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Don’t Like CFPB Rules? Change Them Here

Anyone can now email the CFPB at petitions@cfpb.gov with a request for rulemaking. Requests should include the contact information for the individual(s) making the submission, what the petitioner would like the CFPB to do, the factual and legal reasons why the CFPB should do it, and the expected outcome of the action, should the CFPB move forward. The CFPB will publish petitions it receives here.

Below is the CFPB press release and links to instructions and rules for making a petition.

WASHINGTON, D.C. – The Consumer Financial Protection Bureau (CFPB) today made it easier for the public to meaningfully engage with the agency and request regulatory changes. Starting today, members of the public can submit petitions for rulemaking directly to the CFPB. The petitions will be posted on public dockets for review and comment.

”Americans should be able to easily exercise their Constitutional rights without hiring a high-priced lawyer or lobbyist,” said CFPB Director Rohit Chopra. “Our new program will broaden access to the agency’s rulemaking process.”

The U.S. Constitution guarantees the public’s right to petition the government. While members of the public have long had the ability to comment on rules and other initiatives, many individuals and small businesses believe that they must hire former government officials, lawyers, or lobbyists in order to be heard by an agency.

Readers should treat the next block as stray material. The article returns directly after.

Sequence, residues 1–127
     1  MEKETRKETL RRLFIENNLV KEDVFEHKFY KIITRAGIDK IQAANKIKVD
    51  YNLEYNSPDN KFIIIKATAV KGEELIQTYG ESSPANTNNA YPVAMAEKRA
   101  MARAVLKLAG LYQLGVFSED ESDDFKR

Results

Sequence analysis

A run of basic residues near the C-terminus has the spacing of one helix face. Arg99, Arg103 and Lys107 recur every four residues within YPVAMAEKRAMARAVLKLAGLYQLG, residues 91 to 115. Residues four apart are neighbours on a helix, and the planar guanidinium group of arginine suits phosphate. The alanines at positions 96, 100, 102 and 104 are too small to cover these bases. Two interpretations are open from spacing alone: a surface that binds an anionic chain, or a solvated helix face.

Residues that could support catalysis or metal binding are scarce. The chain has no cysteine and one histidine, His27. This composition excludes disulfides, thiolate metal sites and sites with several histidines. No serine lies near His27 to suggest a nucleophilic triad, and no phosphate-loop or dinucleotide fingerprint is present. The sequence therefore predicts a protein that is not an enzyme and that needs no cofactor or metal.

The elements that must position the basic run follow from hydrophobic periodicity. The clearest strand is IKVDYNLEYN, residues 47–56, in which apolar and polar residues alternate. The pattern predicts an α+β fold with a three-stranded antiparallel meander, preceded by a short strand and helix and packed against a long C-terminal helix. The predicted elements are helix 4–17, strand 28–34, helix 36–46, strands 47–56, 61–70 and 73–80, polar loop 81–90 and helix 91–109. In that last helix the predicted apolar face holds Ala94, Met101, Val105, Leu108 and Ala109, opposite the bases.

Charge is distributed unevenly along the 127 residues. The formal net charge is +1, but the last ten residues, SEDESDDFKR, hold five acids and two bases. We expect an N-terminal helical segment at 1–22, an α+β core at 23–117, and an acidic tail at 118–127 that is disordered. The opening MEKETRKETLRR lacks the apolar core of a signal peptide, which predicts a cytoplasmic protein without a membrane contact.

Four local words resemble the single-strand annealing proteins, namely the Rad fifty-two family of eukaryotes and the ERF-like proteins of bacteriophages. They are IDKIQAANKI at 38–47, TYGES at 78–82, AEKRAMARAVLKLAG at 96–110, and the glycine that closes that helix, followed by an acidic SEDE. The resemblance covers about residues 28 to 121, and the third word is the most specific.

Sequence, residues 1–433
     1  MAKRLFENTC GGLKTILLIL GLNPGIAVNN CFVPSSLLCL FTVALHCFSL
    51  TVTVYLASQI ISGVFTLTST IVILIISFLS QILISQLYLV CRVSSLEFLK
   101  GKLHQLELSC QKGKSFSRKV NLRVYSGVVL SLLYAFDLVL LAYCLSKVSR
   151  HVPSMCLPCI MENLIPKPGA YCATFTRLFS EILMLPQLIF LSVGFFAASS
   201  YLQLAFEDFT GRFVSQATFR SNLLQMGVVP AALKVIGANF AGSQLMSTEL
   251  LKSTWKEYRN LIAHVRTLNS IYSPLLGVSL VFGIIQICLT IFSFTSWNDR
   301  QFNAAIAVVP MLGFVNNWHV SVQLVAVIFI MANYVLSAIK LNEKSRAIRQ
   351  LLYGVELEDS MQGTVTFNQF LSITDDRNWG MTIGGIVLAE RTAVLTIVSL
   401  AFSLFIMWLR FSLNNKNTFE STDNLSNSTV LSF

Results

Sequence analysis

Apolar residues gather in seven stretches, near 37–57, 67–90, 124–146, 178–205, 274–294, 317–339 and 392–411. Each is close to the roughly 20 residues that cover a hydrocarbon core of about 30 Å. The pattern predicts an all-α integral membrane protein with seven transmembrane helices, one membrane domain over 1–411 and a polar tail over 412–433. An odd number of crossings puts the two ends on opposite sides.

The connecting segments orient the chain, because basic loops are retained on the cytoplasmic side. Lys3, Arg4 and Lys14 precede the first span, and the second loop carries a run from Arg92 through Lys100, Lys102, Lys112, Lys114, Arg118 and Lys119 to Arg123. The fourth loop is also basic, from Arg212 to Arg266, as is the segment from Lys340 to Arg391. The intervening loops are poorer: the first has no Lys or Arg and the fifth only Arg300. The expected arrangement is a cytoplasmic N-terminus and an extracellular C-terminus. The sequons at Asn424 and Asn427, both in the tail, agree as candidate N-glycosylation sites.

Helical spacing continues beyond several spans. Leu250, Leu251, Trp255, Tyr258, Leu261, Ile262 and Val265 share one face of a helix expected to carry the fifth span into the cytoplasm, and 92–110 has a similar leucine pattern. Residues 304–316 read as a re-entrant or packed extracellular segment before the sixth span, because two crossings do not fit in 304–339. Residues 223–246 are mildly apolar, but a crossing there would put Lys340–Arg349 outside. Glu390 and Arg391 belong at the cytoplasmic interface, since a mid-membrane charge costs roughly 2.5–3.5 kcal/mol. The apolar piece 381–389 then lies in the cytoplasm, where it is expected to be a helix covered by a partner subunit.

The reforms announced today will make it easier for individuals to directly submit a petition for rulemaking to the CFPB. Members of the public can request that the agency pursue a new rule, amend an existing one, or repeal a rule. Former government employees and other individuals who are paid to influence the agency’s rulemaking agenda behind the scenes will be asked to submit their petition for public inspection instead.

The CFPB is committed to transparency and listening to the concerns, suggestions, and ideas of the public it serves. The public’s petitions will help the CFPB identify consumer protection issues worthy of reform, rulemaking, or in need of further clarification.

The new process is in line with recommendations issued by the Administrative Conference of the United States  for improving transparency and ensuring that the public has a meaningful opportunity to petition the government. Today’s announcement is part of a series of steps the CFPB is taking to ensure high standards of transparency and ethics, particularly when it comes to addressing the corrosive effects of the “revolving door.” The CFPB recently announced new staff guidance to report former government employees that may be misusing information they obtained while working in the government.

 

 

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The Consumer Financial Protection Bureau is a 21st century agency that implements and enforces Federal consumer financial law and ensures that markets for consumer financial products are fair, transparent, and competitive. For more information, visit consumerfinance.gov

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